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Using the CURL library in PHP

(Page 3 out of 3)

Practical uses

The first useful thing the curl library could be used for is checking whether a page really exists. To do this, we first have to retrieve the page, and then check the response code (404=not found, and thus it doesn't exist). See the example below:

// create a new curl resource
$ch = curl_init();

// set URL and other appropriate options
curl_setopt($ch, CURLOPT_URL, "");
curl_setopt($ch, CURLOPT_RETURNTRANSFER, true);

// grab URL
$output = curl_exec($ch);

// Get response code
$response_code = curl_getinfo($ch, CURLINFO_HTTP_CODE);

// Not found?
if ($response_code == '404') {
        echo 'Page doesn\'t exist';
} else {
        echo $output;


(View Live Demo)

Another possibility is to create an automatic link checker, which will get a page, and check if all the links work (by using the above code), and then retrieving each link, and doing the same.

Curl also makes it possible to write your own web spider, similar to Google's web spider, or any other web spider. This article isn't about writing a web spider, so I won't talk about it any further, but a future article on PHPit will show you exactly how to create your own web spider.


In this article I've shown how to use the CURL library, and taken you through most of its options.

For most basic tasks, like simply getting a page, you probably won't need the curl library, since PHP comes with inbuilt support for remote pages. But as soon as you want to do anything slightly advanced, you're probably going to want to use the curl library.

In the near-future I will show you exactly how to build your own web spider, similar to Google's web spider, so stay tuned to PHPit.

If you have any questions or comments on this article, feel free to leave them below, or join us at PHPit Forums.

« Previous: Options & Info

7 Responses to “Using the CURL library in PHP”

  1. AJ Says:

    You can also use curl to submit XML requests to XML providers, like credit card clearing houses. While I don’t know how efficent this is below is a small sample.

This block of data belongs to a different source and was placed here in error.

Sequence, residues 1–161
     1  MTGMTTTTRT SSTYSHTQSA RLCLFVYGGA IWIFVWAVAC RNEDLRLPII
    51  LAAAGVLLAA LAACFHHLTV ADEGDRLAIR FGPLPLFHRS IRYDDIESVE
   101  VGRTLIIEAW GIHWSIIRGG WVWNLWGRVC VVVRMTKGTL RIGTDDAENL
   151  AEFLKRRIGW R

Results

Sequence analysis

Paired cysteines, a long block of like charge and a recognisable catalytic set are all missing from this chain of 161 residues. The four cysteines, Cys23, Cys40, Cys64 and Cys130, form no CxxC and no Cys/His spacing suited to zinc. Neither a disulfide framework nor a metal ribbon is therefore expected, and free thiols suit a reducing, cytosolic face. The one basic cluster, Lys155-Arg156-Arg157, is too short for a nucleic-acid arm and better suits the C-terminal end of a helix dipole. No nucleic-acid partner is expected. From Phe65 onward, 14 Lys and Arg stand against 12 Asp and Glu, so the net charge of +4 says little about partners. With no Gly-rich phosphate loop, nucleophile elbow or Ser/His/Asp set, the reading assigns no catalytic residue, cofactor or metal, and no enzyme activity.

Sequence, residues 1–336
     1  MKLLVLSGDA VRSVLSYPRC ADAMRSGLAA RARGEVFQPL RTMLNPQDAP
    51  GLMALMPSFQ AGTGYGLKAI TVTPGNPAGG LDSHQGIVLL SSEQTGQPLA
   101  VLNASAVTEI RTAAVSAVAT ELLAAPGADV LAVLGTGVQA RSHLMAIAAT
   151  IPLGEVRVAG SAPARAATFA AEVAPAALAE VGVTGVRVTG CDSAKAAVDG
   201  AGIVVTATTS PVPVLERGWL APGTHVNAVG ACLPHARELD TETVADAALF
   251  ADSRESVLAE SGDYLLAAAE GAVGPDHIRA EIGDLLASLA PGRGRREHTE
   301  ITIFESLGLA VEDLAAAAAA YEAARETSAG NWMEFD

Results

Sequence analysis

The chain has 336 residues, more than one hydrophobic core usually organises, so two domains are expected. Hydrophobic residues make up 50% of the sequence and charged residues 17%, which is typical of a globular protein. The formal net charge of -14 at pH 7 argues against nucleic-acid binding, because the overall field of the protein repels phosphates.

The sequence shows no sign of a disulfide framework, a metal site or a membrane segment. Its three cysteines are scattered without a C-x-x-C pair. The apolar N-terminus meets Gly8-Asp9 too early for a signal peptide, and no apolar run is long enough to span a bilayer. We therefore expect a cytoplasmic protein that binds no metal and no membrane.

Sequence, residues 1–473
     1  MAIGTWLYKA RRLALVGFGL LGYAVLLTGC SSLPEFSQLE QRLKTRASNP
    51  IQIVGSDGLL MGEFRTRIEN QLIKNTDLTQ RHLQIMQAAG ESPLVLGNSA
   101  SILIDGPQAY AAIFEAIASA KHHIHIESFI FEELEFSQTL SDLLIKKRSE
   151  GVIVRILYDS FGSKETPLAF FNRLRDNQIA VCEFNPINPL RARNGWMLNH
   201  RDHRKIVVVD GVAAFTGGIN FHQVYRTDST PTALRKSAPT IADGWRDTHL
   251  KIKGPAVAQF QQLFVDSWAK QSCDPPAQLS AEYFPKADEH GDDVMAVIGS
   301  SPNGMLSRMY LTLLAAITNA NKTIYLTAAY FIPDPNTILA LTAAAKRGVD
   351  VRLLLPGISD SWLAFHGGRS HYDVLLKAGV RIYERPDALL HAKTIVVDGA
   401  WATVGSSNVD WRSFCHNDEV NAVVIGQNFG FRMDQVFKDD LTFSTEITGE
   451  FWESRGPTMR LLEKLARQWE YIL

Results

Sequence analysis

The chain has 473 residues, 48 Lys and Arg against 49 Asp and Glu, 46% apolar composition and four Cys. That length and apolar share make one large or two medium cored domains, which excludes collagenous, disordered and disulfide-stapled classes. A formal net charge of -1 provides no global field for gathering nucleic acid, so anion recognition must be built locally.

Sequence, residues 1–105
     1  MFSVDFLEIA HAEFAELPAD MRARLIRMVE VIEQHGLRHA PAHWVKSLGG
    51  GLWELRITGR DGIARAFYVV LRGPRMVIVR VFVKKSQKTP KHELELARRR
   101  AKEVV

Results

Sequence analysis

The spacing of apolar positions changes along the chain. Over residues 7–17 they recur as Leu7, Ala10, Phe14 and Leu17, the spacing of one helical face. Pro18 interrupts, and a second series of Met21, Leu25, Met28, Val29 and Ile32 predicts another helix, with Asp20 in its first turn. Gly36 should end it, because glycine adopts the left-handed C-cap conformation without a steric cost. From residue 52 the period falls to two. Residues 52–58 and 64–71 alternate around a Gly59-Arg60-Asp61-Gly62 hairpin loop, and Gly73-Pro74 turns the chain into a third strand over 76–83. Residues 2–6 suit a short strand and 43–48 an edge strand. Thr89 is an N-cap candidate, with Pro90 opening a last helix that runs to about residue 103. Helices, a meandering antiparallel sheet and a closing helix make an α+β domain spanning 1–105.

$xml = ”


    $curl = curl_init();
    curl_setopt($curl, CURLOPT_URL, $PaymentServer);
    curl_setopt($curl, CURLOPT_POST, 1);
    curl_setopt($curl, CURLOPT_RETURNTRANSFER, 1);
    curl_setopt($curl, CURLOPT_POSTFIELDS, $xml);
    $response = curl_exec ($curl);
    curl_close ($curl)

    $returnedXML = simplexml_load_string($response);

  2. AJ Says:

    Sorry forgot that you won’t see xml tags, so here I’ll try again;
    $xml = ”



  3. Andy Boyd » Using Curl Says:

    […] I’ve heard a few references to CURL but never knew much about it.  CURL allows you to scrape/use other web pages as data .  The most interesting use (I found) is you can automatically fill out form data and retrieve the $_POST array.  CURL… it’s one bad mutha…  […]

  4. sandip wankhede Says:

    Very very easy to understand

  5. Jan Says:

    As a Java/J2EE developer who also happens to use PHP for a few projects, I must conclude that this is the worst HTTP API that I have ever seen. It is not OO; you have to use curl_setopt() to set everything, including the URL and the parameters; by default output is printed to the browser instead of returned to the user, …

    Maybe it’s not a bad idea to create a wrapper around it.

  6. Dennis Pallett Says:

    Jan, there are probably tons of wrappers already on, and it’d be pretty easy to write your own as well.

  7. Arvind Jagtap Says:

    CURL is certainly a good thing. Using this I wrote couple of programs to remotely login to the site and get data posted there. This is simply amazing thing to work on by every PHP programmer.

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About the author
Dennis Pallett is the main contributor to PHPit. He owns several websites, including ASPit and Chill2Music. He is currently still studying.
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